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TVO Today: What’s in it for me?: An ODSP recipient on affordability — and politicians who ‘forget what it’s like to be a normal person’ - ACORN Canada

TVO Today: What’s in it for me?: An ODSP recipient on affordability — and politicians who ‘forget what it’s like to be a normal person’

Posted May 11, 2022

Posted May 11, 2022

Dayna Sparkes lives in east Hamilton with her husband and four children. She works with Hamilton ACORN to advocate against poverty.

As told to Justin Chandler.

Ten years ago, I could go and spend $100 and bring back half a grocery cart full of food. Now, I spend $100 and bring back maybe two or three bags of food. It’s been an awful experience. It makes it difficult to feed a family. It just makes it difficult to live.

I receive Ontario Disability Support Program payments. During the time I’ve been here, those have gone up maybe $10 or $20, if that. It’s not enough to make a difference.

I don’t work now. But I did work part-time before, making minimum wage. The government doesn’t touch the first $200 that you make as an ODSP recipient, but everything after that, they take 50 cents on the dollar. I was getting quite a bit taken off by the end of the month, so it made it very hard to budget money and ensure I had enough for rent.

I’ve been at my three-bedroom apartment 10 years now. When I first moved in, the rent was $915. To my knowledge, the landlord charges new renters $1,950. I have looked for a new place to live, because I don’t like mine. Everywhere I look for a three-bedroom is $2,500 or more. I’ve looked and I’ve looked and I’ve looked and I’ve looked and I can’t find anything. The only affordable housing that I can even think of would be subsidized CityHousing. I’ve been told the wait-list is 12 years. That’s not attainable for anybody.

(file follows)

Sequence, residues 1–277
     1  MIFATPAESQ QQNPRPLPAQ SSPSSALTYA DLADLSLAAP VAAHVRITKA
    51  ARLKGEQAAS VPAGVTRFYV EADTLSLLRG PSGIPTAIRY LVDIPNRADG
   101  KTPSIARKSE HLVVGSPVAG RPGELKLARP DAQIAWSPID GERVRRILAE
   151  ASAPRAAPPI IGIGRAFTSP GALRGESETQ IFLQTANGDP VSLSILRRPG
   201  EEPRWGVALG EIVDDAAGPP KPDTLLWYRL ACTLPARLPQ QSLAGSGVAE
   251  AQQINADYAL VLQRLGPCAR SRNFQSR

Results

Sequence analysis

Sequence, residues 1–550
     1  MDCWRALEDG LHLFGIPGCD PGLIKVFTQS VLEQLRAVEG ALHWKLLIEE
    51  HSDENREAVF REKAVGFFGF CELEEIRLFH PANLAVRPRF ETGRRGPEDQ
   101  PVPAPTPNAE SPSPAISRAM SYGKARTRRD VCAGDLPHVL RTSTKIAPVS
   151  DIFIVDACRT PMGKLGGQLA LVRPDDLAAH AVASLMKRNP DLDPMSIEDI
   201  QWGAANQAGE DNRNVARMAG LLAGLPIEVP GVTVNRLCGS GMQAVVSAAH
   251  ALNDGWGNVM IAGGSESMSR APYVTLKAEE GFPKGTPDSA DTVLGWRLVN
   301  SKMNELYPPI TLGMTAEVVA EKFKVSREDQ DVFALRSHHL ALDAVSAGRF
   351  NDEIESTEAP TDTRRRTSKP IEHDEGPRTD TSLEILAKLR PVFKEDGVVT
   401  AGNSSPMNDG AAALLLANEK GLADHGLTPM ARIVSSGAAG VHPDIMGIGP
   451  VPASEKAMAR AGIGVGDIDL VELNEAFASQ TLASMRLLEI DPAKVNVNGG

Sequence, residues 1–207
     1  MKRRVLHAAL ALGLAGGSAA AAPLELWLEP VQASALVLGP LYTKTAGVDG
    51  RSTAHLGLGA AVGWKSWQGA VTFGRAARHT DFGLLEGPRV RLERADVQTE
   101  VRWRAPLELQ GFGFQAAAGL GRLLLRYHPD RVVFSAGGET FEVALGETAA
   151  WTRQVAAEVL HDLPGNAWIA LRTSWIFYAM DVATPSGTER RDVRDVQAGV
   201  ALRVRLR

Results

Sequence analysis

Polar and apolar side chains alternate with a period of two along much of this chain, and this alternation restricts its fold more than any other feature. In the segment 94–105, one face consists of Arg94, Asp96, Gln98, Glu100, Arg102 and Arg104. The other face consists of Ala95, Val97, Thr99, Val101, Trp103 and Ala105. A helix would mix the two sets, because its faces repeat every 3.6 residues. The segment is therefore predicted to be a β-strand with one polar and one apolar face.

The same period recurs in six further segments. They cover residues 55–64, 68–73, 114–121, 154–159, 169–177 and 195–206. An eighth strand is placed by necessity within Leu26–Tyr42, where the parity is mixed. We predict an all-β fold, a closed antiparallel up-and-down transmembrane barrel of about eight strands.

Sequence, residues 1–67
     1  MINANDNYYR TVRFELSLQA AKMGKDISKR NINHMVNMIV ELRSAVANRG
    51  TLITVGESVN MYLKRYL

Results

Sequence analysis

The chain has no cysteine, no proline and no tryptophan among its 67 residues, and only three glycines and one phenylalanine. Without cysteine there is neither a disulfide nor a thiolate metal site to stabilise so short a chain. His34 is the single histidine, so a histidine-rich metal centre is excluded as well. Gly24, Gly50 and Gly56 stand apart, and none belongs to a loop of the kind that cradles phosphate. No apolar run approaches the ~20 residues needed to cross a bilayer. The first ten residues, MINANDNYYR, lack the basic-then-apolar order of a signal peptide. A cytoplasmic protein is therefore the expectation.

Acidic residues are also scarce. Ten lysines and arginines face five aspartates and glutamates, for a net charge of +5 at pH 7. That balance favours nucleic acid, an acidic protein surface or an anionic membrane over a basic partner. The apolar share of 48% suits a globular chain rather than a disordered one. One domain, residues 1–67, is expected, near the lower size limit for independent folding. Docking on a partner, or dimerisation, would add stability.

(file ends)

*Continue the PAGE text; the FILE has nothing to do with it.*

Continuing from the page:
For me, affordability and cost of living would be bringing up social-assistance rates and working on affordable housing. ODSP and Ontario Works payments need to be brought up to match inflation and the cost of living. We are way below the poverty line. The maximum a single person gets on ODSP is about $1,200 and the cost of an average one-bedroom apartment is about $1,500. That’s just not attainable on ODSP.

More and more people are becoming homeless. People can’t afford a place to live, they can’t afford groceries, and they end up on the streets.

I think what happens is when people become politicians, they forget what it’s like to be a normal person. They need to remember their roots and that they’re working for the people. The people are the ones who vote them in, and the people are counting on them. When they’re not doing the things people need, people struggle and lose faith. It’s disheartening.

I know that the Liberal government and the NDP government plan on raising the ODSP rates by 20 per cent. On top of that, the NDP is also planning on doing rent control and vacancy control. And the Liberal party is is talking about those. Whether they do it is another story, but the hope would be that they make good on their party promises. I would not be excited if the PCs got back in. I don’t think another four years of them would be a good scenario. I’ve seen a lot of renovictions over the last couple of years, especially with a lot of people who are ODSP and OW recipients. It’s really sad to see, and I just want to see it end.

This story has been condensed and edited for length and clarity.

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